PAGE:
Attenticity vs. authenticity: The economic transition from truth to trust claims

In this short essay I suggest that we, as sense-making creatures, are oriented towards sense-making precisely by an attitude of care, which determines what things (i.e., objects, claims, perspectives) we will purchase with our attention and faith and what things we will reject or subvert. Guided by advancements in economics and rhetorical studies, I contendContinue reading “Attenticity vs. authenticity: The economic transition from truth to trust claims”

Relationships in Perel: From productivity to identity economies and beyond

I was inspired to write this piece since hearing Dr. Ester Perel’s breakthrough TED talk The Secret to Desire in a Long Term Relationship. Speaking with a fluid combination of penetrating insight, wry humor and provocation, Dr. Perel is a natural storyteller and it was immediately apparent that her audience was spellbound. Incorporating anthropological andContinue reading “Relationships in Perel: From productivity to identity economies and beyond”

Hybrids: On this BBC In Our time podcast episode called “Hybrids”

I was drawn to write about this episode because it magnificently demonstrates the fluidity of Nature and our perennial attempts to ‘carve at her joints.’ Starting with the Swedish botanist and modern taxonomist, Carl von Linnaeus (1707-1778), we have a system for separating and naming Eden. From the Onto-Theological view that Christianity confers on theContinue reading “Hybrids: On this BBC In Our time podcast episode called “Hybrids””

The Left Can’t Meme – Humor as Political Agent

Humor is a Swiss Army knife—it cuts, it cleans, it opens, it picks, it screws. There are as many functions to humor as there are sides to a circle. It is Protean in its ambiguity and form. However, when it comes to deployment for political ends, humor casts shade. We can observe 5 primary functions:Continue reading “The Left Can’t Meme – Humor as Political Agent”

Notes on “The Psychological Analysis of Adolf Hitler”

In 1943/44, the Office of Strategic Services (the predecessor the CIA) completed a study called “A Psychological Analysis of Adolf Hitler” It was approved for release into public records in 1999. Here are some points I gleaned from reading the first 2/3 of the manuscript. I bring this up here because I’ve long maintained thatContinue reading “Notes on “The Psychological Analysis of Adolf Hitler””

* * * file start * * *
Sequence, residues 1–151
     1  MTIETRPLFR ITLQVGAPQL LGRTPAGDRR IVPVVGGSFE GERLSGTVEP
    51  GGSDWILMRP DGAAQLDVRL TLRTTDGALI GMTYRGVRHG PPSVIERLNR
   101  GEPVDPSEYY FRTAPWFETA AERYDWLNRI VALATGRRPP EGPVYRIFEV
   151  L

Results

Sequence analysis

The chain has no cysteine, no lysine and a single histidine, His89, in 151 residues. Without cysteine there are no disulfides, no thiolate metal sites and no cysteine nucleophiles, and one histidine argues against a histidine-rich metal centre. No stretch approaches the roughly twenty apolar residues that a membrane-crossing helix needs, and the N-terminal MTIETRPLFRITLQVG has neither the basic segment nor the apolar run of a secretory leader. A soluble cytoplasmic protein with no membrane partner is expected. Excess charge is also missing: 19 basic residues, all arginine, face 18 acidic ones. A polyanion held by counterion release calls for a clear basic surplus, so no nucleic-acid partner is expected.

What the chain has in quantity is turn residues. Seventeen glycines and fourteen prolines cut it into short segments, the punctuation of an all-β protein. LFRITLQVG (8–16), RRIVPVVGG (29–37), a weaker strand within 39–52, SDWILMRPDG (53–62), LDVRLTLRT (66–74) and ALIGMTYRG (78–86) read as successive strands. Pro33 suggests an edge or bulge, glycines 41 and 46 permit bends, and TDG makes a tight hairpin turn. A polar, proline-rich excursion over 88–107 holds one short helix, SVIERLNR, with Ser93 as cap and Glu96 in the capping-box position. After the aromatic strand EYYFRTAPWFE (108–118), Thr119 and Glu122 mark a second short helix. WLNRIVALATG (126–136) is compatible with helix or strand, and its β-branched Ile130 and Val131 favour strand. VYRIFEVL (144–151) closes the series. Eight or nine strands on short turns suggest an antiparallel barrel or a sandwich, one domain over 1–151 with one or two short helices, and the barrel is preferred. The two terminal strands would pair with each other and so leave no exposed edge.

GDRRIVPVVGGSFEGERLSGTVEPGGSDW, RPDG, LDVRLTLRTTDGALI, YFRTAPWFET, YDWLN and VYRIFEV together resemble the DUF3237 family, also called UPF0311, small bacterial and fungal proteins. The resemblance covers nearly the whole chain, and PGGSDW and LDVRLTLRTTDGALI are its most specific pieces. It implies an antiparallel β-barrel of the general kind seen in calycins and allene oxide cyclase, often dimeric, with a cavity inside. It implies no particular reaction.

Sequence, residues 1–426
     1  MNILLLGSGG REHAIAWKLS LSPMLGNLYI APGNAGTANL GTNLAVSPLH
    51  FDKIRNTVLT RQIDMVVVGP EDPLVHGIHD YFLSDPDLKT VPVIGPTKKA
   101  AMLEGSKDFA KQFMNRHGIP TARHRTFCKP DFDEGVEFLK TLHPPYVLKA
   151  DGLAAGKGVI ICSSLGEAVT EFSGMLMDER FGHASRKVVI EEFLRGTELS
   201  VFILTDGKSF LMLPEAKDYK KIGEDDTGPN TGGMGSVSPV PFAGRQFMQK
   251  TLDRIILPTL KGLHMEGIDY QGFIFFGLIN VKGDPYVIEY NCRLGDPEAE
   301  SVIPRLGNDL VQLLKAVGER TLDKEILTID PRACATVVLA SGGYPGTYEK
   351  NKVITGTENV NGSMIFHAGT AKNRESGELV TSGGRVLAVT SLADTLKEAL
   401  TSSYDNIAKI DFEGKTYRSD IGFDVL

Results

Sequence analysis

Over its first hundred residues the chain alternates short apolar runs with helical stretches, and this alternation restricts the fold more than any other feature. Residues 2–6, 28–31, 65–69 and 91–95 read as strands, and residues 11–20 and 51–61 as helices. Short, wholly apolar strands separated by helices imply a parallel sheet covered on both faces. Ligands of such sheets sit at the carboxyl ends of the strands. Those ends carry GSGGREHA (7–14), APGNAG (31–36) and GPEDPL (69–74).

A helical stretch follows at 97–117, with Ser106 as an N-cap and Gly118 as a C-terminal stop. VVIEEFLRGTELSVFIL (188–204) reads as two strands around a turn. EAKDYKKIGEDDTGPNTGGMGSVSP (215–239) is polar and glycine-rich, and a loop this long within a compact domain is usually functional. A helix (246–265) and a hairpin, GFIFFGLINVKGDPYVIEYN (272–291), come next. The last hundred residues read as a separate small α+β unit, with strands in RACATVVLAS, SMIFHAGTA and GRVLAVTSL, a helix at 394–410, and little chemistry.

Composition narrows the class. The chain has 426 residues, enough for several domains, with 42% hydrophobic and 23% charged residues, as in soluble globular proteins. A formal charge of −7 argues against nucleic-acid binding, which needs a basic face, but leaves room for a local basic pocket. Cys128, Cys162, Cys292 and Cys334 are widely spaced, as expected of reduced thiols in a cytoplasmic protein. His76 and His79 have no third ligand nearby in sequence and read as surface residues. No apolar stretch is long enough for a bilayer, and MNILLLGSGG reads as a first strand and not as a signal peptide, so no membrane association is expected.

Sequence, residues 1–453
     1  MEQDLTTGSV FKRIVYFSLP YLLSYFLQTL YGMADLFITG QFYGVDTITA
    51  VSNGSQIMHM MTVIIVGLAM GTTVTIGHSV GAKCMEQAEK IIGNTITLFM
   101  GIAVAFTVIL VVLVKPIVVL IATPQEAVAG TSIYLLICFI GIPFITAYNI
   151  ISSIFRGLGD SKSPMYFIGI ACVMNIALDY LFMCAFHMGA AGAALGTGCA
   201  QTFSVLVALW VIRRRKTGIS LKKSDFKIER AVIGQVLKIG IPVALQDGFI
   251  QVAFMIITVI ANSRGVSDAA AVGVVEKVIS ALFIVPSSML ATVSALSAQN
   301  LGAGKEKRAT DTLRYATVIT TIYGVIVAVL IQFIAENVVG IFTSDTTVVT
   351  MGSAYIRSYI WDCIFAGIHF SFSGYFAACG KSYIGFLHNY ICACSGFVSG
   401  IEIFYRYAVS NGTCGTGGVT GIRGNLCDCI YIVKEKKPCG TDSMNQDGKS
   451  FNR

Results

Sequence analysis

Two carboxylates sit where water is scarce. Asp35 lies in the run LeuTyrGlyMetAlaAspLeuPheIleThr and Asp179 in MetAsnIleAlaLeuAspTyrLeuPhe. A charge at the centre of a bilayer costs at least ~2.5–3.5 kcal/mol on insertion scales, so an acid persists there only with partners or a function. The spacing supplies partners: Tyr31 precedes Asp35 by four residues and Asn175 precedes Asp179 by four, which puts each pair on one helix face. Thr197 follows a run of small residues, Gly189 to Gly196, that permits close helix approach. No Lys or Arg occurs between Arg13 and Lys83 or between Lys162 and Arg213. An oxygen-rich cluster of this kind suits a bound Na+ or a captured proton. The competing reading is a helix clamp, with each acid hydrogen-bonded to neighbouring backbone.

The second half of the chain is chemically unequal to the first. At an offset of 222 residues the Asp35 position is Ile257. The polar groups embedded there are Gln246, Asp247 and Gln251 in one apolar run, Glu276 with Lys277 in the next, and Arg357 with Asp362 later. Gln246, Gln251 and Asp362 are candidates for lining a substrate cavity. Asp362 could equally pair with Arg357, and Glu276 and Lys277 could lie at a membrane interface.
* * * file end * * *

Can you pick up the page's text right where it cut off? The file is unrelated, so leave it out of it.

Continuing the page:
Conspiracy! On the making of a Rube

Conspiracy theories are an imaginative rejection of the complex. This is my simple thesis. A conspiracy theory is a type of theory that tends to conceptualize large, global or complex events in terms of secret transactions that are unknown to the public and driven by agents with hidden motivations and agendas. Currently, these theories findContinue reading “Conspiracy! On the making of a Rube”

Understanding in the World of Prediction

According to this essay by Dr. David Krakauer, we are facing a growing schism in the ways we have come to know the world. The growing fissure is between two epistemes or knowledge-systems that structure our approach to science and the ways we interact with naturalistic and psychosocial events or phenomena. These approaches are mostContinue reading “Understanding in the World of Prediction”

Bullshit Jobs

Another post about another fascinating Hidden Brain podcast episode on the topic of “bullshit jobs.” These jobs are defined as jobs which are self-identified as lacking purpose or contributing little to no productivity or meaningful utility to the company. This social phenomenon has been studied extensively by David Graeber, professor of Anthropology at the LondonContinue reading “Bullshit Jobs”

Reflections on Choice

Over the past few months, I have enjoyed listening to the Hidden Brain podcast, hosted by Shankar Vedantam. The podcast self-purportedly uses “science and storytelling to reveal the unconscious patterns that drive human behavior, shape our choices and direct our relationships.” I highly recommend downloading and listening to podcast episode here; it is so informativeContinue reading “Reflections on Choice”